The Niagara Blog:
The Niagara on the Lake Public Library Teams Up With Shaw Festival
Congratulations to Cathy Simpson, Executive Director of the Niagara on the Lake Public Library for more exceptional programming offered this spring and summer with three "In Conversations With..." Shaw Festival Directors, commencing with Peter Hinton (
Lady Windermere's Fan).
Peter was the Artistic Director of English Theatre at the National Arts Centre in Ottawa from 2005 - 2012 and in 2009, was made an officer of the Order of Canada. At NAC, Peter was the first to offer a complete series of Canadian plays as well as the first aboriginal play. Jackie Maxwell says of Peter: "I am thrilled to have Peter Hinton at the helm of this production. Those who saw his masterful production of
When the Rain Stops Falling in 2011 will recall his skill in mixing style with explosive content - a skill he will be able to put to great use in this glittering suspenseful classic."
And of Wilde, Maxwell says, "
Oscar Wilde is at his bitingly satirical best targeting Victorian morals (especially marital) in this comic thriller that made him an overnight star." We meet rich, stunning, recently wed Lady Windermere on the day of her birthday ball when a notorious gossip drops by to announce that her new husband is betraying her - with a mysterious woman who is coming to the ball. Be ready for jealousy, intrigue, twists, turns, and massive doses of Wildean wit.
A good-sized crowd greeted Peter and Leonard Connelly (who introduced him), Shaw's "Academic Advisor" for the past 14 years, formerly from Peterborough, but who now resides in NOTL. Leonard is to be congratulated himself for his work on the detailed and informative Shaw festival programs distributed at each play.
Peter Hinton is the sort of person one could listen to all evening, replete with a vast theatrical background and insights into Oscar Wilde, having read all of his writing prior to directing the play. Of course, the Wilde witticisms abound: "Niagara Falls is the second biggest disappointment of a honeymoon." "I can resist anything except temptation." "Work is the curse of the drinking class." "Bigamy: one wife too many; monogamy: the same."
Hinton explained that "a measure of the ambition of your theatrical endeavour is the number of previews, which are a test run and a key component that allows the production to evolve." (He boasts 19.) "I was shocked and surprised when I first read the play," he exclaimed. "It has elements of farce, but it also has a unique quality and can be quite dark. An idealized marriage falls apart in 20 minutes! I was moved and enjoyed its psychological accuracy. This was Wilde's most successful play in his lifetime."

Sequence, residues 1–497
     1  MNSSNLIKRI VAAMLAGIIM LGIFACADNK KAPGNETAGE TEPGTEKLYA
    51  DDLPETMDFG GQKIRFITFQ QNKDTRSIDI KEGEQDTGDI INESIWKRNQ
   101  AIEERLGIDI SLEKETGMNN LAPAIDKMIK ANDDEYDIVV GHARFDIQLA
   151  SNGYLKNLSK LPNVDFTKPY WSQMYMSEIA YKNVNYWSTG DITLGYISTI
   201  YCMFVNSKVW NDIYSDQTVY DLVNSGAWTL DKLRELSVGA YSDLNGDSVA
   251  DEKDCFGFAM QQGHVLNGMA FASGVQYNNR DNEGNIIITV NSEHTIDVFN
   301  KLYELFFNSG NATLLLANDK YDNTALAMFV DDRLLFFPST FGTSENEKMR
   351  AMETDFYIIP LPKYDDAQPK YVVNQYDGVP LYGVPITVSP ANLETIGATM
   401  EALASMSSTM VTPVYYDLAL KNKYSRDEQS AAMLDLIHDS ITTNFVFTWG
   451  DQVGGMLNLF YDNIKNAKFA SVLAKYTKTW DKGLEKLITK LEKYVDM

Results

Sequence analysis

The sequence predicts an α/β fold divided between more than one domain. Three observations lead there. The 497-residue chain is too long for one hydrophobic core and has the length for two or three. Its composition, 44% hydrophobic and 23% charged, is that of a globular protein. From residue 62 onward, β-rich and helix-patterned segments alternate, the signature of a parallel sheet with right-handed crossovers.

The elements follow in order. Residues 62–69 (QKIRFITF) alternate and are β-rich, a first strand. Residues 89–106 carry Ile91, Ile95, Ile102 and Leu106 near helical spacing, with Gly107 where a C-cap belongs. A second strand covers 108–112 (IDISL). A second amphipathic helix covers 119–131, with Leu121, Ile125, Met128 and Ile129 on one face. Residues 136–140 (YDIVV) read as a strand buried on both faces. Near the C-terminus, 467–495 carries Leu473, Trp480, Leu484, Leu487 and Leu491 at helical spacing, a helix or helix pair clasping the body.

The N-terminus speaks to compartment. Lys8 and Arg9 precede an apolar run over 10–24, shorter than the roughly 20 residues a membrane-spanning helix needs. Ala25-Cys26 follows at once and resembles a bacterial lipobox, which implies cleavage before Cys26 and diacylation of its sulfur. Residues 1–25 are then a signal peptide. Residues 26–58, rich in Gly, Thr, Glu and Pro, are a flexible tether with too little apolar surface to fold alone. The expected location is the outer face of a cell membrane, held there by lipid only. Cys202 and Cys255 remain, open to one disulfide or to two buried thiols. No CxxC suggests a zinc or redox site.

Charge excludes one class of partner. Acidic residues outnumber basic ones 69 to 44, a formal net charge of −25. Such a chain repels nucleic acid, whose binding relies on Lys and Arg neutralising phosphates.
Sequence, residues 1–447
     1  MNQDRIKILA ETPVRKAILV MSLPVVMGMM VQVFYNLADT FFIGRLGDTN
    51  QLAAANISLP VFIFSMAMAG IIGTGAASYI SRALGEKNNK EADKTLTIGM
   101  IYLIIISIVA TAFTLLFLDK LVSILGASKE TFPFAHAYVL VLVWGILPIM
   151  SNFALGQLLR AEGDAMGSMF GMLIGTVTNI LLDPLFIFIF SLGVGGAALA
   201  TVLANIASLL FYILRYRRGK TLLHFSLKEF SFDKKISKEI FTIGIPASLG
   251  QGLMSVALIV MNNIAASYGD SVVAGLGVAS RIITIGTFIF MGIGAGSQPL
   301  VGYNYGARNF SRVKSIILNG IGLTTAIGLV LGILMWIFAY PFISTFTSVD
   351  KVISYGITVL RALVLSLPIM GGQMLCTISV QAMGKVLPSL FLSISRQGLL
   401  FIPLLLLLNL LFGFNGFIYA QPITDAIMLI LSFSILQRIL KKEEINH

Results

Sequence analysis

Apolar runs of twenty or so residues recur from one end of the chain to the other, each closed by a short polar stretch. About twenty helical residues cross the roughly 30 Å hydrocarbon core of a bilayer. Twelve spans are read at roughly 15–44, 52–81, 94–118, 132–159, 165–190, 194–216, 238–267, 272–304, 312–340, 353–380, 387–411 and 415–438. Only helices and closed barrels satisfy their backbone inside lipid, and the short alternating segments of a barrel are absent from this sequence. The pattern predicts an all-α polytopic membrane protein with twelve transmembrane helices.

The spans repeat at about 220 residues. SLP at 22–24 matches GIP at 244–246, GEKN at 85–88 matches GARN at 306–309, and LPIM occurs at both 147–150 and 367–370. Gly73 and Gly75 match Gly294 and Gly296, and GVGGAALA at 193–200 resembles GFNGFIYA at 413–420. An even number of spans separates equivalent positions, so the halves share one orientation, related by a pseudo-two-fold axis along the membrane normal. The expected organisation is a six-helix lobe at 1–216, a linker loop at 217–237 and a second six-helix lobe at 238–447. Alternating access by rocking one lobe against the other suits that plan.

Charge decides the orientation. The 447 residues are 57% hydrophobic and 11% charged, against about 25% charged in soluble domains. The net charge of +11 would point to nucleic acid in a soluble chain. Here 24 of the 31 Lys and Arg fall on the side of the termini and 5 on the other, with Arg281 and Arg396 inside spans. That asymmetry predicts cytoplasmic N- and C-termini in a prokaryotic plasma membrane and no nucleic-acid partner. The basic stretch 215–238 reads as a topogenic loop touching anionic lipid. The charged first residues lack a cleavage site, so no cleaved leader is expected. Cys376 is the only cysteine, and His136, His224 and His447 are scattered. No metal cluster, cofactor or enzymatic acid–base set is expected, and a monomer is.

Peter values Wilde's intelligence and acute observation of people in society. "He shifts from high drama to comedy on a dime. He employs the word, 'importance' in much of his work. He asks the audience: when is it important to keep a secret? Should we have secrets from our partner? It's a play about idealism versus reality." He adds, "We discover that good people do bad acts and vice versa. Wilde makes one feel smart; we get his wit."
Hinton delighted the audience with an account Wilde's short and tragic career, ending in exile in Paris, having been jailed (in Reading) thanks to a legal case with the Marquis of Queensbury which exposed Wilde as a homosexual. "Early on, Wilde was a failure; his poetry is not that good; his tour of North America was a setup to depict him as a 'dandy,' but he was determined to be a success." We learn that his play, Salomé, was banned because of its biblical content, forbidden on stage. We learn that Wilde and his partner were first to use stage clothes for actors and to market them to the public with ads in their programs. "Life does imitate art," says Hinton.
It is obvious that Peter admires Wilde. "He wanted to be an English
Ibsen; our culture destroyed him. Homosexuality wasn't decriminalized in the U.K. until 1967!" He has set the play in the present time, and wants the audience to experience it NOW! He employs music by dandy-like Canadian
Rufus Wainwright and the sets are inspired by painters who were contemporaries of Wilde,
Whistler's famous "study in gray and black" (his mother),
John Singer Sargent (at the ball)
Paul Gauguin (Lord Darlington's room), and ending with
Mary Cassatt who painted "real, live mothers."
Thanks to Peter Hinton, we will have an enriched appreciation of Lady Windermere's Fan. The next talk will be on Monday, June 3 at 7 pm. Seating (free) is on a first come, first serve basis, and Director Blair Williams will talk about Peace in our Time, an adaptation by renowned playwright John Murrell of Shaw's play, Geneva followed by Eda Holmes (Arcadia), Shaw's Associate Artistic Director, on Monday, July 8, 7pm - 9pm speaking on the contemporary work by famed British playwright Tom Stoppard.
Niagara on the Lake Public Library: